Change Management Training Program

Change Management is About People not Process

Everybody wants to manage change more effectively, whether it is personally, inter-personally, or strategically. This is a core competency of any leader. We are in a constant state of change. A change management program for managers is like the common cold, it is everywhere. These programs focus on process and usually follow step-by-step models.

A change management training course can be helpful for managers to understand the characteristics of change. These programs are a dime a dozen, but often miss the mark. A good change management training program can give leaders confidence and equip them with the competencies necessary for change.

Change Management that Balances People and Processes

But it can also be about the emotional stages of change that people predictably go through during any change, whether it is a positive or negative experience. A change management program for managers tends, however, to focus on process rather than people. WINNERS-at-WORK recognizes this and has identified four emotional stages of change that people pass through.

Our change management training course balances people with process. We believe that managing the emotional stages of change is more important than the process steps that need to be taken. Our program considers the four emotions of denial, resistance, exploration, and commitment. Psychologists tell us that these are predictable human responses when faced with change.

The Emotional Stages of Change Management Training Program

This is about the psychological responses to change and how leaders ought to prepare and manage these responses. Our training uses experiential learning to hold a mirror up to leaders so they can see their own reactions to change.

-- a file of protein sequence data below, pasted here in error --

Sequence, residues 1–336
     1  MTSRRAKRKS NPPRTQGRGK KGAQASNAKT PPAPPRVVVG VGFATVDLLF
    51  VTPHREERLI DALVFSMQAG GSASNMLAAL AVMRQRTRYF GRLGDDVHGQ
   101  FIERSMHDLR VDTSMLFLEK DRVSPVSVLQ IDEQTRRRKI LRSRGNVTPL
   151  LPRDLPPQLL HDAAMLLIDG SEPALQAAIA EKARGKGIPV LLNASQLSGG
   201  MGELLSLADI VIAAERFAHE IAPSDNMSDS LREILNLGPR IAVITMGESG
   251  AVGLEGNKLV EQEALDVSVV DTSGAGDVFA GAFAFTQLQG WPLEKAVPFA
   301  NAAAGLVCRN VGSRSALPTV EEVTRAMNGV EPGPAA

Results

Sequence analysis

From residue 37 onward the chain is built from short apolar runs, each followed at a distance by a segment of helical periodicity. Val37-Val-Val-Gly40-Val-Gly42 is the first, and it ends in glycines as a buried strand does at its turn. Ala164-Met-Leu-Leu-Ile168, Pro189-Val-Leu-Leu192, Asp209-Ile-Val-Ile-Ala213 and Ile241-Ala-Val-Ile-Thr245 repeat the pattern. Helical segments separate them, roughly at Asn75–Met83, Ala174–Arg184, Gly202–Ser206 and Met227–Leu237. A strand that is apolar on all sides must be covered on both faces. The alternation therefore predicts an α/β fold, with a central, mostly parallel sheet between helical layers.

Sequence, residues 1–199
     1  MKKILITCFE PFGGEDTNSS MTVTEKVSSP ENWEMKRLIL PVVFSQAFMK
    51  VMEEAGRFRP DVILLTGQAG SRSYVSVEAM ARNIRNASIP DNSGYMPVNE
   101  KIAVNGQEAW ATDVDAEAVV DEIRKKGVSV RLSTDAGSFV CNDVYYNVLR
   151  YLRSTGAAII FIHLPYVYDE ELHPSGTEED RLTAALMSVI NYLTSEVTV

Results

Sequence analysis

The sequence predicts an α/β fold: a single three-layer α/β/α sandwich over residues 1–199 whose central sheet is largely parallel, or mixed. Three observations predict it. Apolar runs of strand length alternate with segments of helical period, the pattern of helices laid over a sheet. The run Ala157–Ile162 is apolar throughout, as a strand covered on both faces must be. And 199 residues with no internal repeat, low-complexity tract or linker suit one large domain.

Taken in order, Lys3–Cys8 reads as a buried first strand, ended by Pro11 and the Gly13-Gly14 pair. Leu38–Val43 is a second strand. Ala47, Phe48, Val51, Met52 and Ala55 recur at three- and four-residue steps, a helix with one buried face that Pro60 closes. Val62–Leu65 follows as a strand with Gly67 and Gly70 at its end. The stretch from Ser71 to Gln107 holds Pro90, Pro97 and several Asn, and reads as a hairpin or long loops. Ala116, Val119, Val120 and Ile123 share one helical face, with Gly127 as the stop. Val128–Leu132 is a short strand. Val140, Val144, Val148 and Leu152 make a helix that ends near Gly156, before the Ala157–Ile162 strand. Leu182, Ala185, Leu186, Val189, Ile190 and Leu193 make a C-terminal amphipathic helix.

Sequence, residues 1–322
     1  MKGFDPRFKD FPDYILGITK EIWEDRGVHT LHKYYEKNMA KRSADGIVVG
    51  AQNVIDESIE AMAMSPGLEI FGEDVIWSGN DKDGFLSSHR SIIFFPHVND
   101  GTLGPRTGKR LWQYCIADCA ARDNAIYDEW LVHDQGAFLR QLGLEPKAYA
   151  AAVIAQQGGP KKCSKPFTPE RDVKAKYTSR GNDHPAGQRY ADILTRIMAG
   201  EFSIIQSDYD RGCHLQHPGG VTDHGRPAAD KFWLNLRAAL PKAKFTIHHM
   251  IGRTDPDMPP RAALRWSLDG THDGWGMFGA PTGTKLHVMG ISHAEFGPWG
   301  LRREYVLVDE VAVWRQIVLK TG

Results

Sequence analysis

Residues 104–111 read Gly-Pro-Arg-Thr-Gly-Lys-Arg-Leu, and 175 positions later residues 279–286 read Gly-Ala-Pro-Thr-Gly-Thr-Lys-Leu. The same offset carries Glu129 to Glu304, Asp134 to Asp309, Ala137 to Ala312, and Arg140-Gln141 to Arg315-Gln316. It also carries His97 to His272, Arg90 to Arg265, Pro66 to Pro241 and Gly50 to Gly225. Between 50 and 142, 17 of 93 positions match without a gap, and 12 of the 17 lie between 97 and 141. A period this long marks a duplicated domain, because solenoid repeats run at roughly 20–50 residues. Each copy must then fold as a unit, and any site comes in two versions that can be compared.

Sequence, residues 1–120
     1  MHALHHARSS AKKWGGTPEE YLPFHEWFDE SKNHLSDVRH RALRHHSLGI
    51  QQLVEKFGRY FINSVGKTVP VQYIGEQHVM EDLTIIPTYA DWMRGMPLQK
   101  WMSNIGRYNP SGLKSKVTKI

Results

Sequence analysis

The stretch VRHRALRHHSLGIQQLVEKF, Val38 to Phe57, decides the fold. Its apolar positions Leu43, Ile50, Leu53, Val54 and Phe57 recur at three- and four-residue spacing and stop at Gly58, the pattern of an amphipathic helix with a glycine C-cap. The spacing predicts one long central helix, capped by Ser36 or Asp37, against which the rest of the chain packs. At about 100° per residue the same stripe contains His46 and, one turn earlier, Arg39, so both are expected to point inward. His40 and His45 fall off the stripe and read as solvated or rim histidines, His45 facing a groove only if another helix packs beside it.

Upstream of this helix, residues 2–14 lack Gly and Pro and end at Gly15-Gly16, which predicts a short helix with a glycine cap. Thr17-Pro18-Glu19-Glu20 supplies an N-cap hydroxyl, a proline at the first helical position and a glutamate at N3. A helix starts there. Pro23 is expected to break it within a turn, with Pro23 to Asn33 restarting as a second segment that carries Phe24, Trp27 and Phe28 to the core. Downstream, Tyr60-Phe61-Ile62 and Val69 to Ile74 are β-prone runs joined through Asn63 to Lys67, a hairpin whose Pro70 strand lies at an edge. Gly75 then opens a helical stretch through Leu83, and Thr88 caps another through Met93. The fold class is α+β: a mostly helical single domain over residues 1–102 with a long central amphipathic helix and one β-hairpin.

The training course then teaches managers how to implement strategies that—not only consider these emotions, but also what strategies to implement to minimize their impact on it. The traditional change management training program bypasses these concerns and provides leaders with simplistic paint-by-numbers solutions that often fail to meet the mark.

For example, a traditional change management program for managers will explain is painstaking detail Kotter’s eight step model, as if each person in the change management training program is the same and has identical needs. This is a mistake. It is about meeting participants where they are at.

Our change management training program does introduce Kotter’s model and others, but balances this with the emotional changes of change, I have just mentioned. A program that doesn’t recognize that it is people that need changing, not processes, misses a crucial point.

Change Management is also about Values

Successful change is intertwined with values. A change management program for managers should emphasis that all change management is supported by a set of core values. People response well to values, if it is presented in the right way.

A change management training course should highlight the critical role that values have in change. Values drive behaviors. If people aren’t aware of the fundamental values at stake, they are less likely to be convinced of the validity of the change.

Our course invites people to consider such values are respect, teamwork, and innovation. Values are considered, and participants are asked to consider how these, and other values, can be communicated in the context of the change management processes these leaders are challenged with.

In summary, this is challenging and ever-present concern for managers. A program needs to be comprehensive enough to consider the human aspects of change. But the typical change management training course doesn’t delve into emotions and values. Our change management training program redresses this inadequacy.

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